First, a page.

07-11-2011 03:25 PM
We just bought a house, and it has blown in insulation in the attic, but it doesn't seem like a lot, just bascially filling in the spaces between the framing, and it is likely original to the house, so from the 70's. I wanted to put down some fibreglass insulation on top of that to increase the R value, but I have questions about the vapor barrier. Since I already have insulation in there, I don't want to have a vapor barrier on the fibreglass insulation, right? It would either be between the 2 types of insulation, or it would be on the cold side, both seem bad. I'm sure there isn't a vapor barrier below the blown in insulation though.
Also, the blown in doesn't seem even. Do I have to have the blown in insulation completely filling the framing cavity before I place fibreglass insulation on top (running 90 deg to the framing)? If there is a air gap between them, does that eliminate any benefit of adding new insulation?
07-11-2011 06:26 PM - edited 12-29-2011 07:18 PM
Hi Travismikjaniec, this is Mike The omeHome Home Depot Answer Man. Welcome to the community.
You are correct, always use unfaced bat insulation for the additional layers. Lay the new insulation across the ceiling joists perpendicular to the existing insulation. This assures the ceiling joists are covered.
The existing blown in insulation can be fluffed up with a small rake to bring it up to the top of the rafters. It is vital that the blown insulation be fluffed up and not compressed.
The Department of Energy recommends at least 15.5 inches of insulation in your attic. Be sure to leave at least 3 inches of space between the insulation and any device that produces heat, such as an attic mounted furnace.
Since it will take several layers of roll insulation to achieve the recommended 15.5 inches of insulation depth, blown in insulation may be a more viable option in terms of cost and the labor required.
This will also solve your problem with the existing insulation not covering the rafters. You can buy the blown in or cellular insulation and rent the machine to install it at your local Home Depot.
Another good idea is to install Durovent attic ventilation panels. These panels install between the rafters and butt up against the attic vents to prevent the insulation from blocking them.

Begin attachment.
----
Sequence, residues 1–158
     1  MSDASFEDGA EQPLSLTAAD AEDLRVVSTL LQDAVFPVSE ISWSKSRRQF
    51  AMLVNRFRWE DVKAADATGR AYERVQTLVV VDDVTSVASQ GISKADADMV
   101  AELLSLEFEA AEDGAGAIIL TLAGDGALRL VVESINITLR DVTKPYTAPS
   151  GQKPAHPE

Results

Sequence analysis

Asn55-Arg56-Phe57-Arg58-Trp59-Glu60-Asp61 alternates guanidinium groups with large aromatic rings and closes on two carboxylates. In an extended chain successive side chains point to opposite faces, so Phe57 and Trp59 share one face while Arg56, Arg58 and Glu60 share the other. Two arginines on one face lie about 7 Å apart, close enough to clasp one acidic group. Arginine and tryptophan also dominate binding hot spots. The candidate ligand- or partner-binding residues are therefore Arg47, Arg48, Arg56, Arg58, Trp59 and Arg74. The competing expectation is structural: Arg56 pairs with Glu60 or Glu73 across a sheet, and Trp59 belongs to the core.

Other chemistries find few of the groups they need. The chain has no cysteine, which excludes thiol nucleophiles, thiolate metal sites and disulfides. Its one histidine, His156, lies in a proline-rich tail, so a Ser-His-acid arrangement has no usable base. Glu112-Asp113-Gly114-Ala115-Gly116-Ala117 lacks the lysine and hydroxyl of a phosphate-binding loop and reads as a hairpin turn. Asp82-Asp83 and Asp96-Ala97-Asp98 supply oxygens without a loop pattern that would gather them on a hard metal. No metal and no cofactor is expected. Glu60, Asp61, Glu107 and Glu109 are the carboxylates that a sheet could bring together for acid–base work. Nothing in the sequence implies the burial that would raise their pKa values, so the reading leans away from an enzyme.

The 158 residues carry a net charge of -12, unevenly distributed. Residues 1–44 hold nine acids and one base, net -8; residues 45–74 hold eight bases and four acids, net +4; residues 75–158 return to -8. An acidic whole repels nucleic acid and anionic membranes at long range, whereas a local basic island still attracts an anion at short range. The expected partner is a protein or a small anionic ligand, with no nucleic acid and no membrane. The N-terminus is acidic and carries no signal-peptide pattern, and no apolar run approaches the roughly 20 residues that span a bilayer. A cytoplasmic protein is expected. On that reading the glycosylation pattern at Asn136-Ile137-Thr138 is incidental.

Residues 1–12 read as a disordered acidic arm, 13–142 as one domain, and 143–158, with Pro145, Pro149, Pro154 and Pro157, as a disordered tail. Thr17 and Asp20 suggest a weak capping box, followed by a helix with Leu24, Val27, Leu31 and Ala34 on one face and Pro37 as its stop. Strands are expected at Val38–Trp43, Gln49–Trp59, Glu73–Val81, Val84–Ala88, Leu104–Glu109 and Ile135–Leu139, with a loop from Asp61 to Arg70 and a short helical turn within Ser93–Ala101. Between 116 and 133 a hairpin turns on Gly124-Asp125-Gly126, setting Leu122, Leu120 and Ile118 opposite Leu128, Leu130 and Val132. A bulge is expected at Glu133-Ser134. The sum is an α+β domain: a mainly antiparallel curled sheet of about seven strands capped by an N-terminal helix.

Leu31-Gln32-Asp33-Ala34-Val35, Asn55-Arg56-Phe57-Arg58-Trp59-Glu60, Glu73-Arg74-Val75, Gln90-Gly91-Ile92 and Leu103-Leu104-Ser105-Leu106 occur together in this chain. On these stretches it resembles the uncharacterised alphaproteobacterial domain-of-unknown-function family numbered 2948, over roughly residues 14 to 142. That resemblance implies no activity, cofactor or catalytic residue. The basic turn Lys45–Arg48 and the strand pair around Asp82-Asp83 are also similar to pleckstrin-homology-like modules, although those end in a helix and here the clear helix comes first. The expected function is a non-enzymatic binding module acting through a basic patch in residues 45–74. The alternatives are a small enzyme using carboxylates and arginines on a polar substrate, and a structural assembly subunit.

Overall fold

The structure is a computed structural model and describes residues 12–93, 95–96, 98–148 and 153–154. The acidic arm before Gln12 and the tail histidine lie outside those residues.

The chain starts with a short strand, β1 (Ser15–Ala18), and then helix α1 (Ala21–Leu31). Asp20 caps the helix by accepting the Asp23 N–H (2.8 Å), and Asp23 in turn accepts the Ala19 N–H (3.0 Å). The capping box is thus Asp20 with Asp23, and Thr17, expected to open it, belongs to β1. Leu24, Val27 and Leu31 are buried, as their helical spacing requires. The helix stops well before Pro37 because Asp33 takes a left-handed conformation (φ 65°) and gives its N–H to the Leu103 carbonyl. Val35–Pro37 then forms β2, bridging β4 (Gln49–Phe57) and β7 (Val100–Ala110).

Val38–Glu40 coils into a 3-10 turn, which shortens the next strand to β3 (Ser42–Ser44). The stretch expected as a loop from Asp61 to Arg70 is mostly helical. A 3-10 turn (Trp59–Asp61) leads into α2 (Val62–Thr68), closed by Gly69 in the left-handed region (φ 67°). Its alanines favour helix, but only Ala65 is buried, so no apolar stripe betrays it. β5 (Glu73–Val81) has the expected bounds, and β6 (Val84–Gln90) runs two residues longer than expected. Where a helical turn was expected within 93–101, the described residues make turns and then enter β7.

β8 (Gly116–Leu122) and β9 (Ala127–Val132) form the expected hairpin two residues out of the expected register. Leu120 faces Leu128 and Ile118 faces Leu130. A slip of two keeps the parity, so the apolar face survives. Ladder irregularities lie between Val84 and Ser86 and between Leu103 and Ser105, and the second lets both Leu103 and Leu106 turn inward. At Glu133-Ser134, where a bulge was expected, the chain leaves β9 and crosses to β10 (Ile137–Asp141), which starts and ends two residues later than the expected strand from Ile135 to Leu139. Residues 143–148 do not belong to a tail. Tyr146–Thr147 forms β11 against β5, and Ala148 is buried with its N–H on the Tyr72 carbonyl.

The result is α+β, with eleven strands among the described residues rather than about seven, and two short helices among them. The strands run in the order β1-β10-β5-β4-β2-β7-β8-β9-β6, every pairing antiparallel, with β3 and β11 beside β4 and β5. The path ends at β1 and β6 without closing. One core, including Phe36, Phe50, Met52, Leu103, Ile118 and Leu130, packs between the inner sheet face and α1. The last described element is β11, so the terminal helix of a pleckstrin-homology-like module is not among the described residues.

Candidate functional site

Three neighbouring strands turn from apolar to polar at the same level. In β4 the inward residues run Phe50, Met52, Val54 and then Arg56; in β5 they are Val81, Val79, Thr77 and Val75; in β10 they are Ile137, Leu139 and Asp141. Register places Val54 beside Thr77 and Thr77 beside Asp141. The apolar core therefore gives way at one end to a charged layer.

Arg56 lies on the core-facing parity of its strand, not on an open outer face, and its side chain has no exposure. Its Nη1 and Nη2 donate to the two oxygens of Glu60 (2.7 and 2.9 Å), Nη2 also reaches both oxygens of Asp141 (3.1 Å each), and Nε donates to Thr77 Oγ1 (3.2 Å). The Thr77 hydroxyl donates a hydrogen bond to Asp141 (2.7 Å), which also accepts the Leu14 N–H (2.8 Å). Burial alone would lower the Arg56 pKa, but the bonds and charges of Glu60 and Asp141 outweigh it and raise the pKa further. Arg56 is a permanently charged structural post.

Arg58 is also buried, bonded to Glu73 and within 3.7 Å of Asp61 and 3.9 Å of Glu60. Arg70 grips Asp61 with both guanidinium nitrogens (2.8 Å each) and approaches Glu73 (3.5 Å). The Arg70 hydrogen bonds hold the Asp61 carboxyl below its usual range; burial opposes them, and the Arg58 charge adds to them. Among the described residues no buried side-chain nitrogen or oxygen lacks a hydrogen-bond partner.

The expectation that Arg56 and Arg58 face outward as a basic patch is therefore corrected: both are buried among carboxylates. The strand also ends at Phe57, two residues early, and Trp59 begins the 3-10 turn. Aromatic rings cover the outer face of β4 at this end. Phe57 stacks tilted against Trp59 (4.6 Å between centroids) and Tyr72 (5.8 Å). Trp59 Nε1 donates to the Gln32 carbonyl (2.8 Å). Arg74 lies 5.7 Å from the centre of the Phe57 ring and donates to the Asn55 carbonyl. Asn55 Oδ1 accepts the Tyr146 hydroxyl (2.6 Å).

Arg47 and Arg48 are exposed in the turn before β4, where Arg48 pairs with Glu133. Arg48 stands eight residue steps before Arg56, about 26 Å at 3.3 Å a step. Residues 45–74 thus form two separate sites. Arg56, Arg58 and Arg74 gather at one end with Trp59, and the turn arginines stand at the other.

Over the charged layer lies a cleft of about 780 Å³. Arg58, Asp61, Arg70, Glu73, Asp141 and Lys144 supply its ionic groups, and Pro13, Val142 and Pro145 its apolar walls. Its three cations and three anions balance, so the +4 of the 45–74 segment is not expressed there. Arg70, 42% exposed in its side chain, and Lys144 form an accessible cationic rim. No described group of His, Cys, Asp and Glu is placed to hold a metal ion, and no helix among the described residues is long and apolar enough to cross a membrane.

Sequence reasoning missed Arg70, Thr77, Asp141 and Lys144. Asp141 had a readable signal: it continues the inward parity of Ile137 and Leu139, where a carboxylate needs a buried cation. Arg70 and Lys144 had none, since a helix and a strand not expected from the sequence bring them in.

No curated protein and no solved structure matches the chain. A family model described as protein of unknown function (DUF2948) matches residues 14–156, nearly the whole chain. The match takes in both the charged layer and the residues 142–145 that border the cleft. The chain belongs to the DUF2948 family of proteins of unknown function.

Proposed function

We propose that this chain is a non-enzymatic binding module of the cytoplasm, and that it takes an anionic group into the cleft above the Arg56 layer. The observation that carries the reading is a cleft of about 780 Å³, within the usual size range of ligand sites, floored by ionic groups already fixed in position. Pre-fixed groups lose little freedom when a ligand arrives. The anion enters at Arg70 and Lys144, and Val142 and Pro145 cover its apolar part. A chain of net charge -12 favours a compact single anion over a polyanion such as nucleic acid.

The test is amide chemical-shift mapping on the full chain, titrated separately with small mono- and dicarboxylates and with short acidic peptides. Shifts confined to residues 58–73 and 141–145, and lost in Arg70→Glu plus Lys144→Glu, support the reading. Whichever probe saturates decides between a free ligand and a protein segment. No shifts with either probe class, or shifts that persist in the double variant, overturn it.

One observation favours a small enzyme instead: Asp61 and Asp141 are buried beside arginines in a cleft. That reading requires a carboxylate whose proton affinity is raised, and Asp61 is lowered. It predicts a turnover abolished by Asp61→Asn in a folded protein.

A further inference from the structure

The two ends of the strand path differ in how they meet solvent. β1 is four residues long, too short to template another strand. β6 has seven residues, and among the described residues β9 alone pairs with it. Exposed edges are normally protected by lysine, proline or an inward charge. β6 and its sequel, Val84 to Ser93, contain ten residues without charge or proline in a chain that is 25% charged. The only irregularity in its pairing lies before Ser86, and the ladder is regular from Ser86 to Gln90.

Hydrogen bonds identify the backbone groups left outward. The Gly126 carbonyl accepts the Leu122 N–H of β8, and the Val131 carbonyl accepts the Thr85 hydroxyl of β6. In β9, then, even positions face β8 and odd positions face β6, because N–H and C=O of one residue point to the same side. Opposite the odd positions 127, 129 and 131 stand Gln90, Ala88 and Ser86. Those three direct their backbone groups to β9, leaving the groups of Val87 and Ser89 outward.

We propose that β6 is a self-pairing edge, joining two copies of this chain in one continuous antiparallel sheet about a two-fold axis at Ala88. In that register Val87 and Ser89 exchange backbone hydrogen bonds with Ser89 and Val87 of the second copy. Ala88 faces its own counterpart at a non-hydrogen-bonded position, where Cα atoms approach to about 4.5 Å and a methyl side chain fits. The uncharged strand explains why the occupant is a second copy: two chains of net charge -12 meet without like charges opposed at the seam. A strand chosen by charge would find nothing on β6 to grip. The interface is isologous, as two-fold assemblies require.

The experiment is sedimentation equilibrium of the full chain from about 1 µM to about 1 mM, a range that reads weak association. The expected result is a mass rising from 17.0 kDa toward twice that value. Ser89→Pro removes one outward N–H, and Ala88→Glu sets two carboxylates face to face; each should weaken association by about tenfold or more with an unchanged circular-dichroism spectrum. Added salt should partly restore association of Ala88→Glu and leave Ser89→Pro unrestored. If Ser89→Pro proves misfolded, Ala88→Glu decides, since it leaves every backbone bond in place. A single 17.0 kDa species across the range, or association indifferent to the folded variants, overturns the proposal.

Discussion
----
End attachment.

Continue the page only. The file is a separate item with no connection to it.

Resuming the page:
They assure proper attic ventilation and will improve attic air flow for greater energy efficiency. You can buy Durovent panels at your local Home Depot. I have included links below.
I hope this answers your question
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07-12-2011 01:16 AM
Mike is absolutely correct. If you went any more than 15.5 inches you won't get enough energy savings for the cost of extra material. And may I suggest using a throw away tyvec suit and respirator when you do the job. It does get dusty. And while your up there check for any other building defects. Any water spots on the rafters or joists? Are duct seams sealed and connected properly? Any cracks around the chimney? Noticing these things and fixing them first will save a lot of aggrevation later.
From a guy in the business
07-12-2011 05:09 PM
Hey ddepo25. Welcome to the Home Depot community!
Absolutely you can insulate your attic as a DIY project. Few tools are required and with a little guidance it’s a pretty easy job!
One thing to keep in mind concerns vapor barriers. If you live anywhere near cold climates, you will need vapor barriers on the interior side of insulated areas. Without one, moisture will degrade the ability of the insulation to function. Here is a map link to the U.S. Department of Energy. LINK.
How you install the barrier depends on where you live.
There are a number of threads on this community that address attic insulation. Here are a few:
When you say “little or no” insulation I am not sure what that means. For areas with no insulation, using faced bats makes the most sense. This is the easiest way to quickly provide both insulation and a vapor barrier. Where there is “little” insulation, you will want to determine if a vapor barrier is present. If it is, then blown in insulation may make the most sense. If not then consider removing what is there so that you can install one.
Homedepot.com has a great buying guide to get you started. You can find it here: Buying Guide
Also, Owens Corning has some excellent installation videos at their website: Installation Video
A few minutes reading through these links should give you a really good start.
I hope this helps,
I'm a Home Depot Store Associate, trained and authorized to help people on the Internet.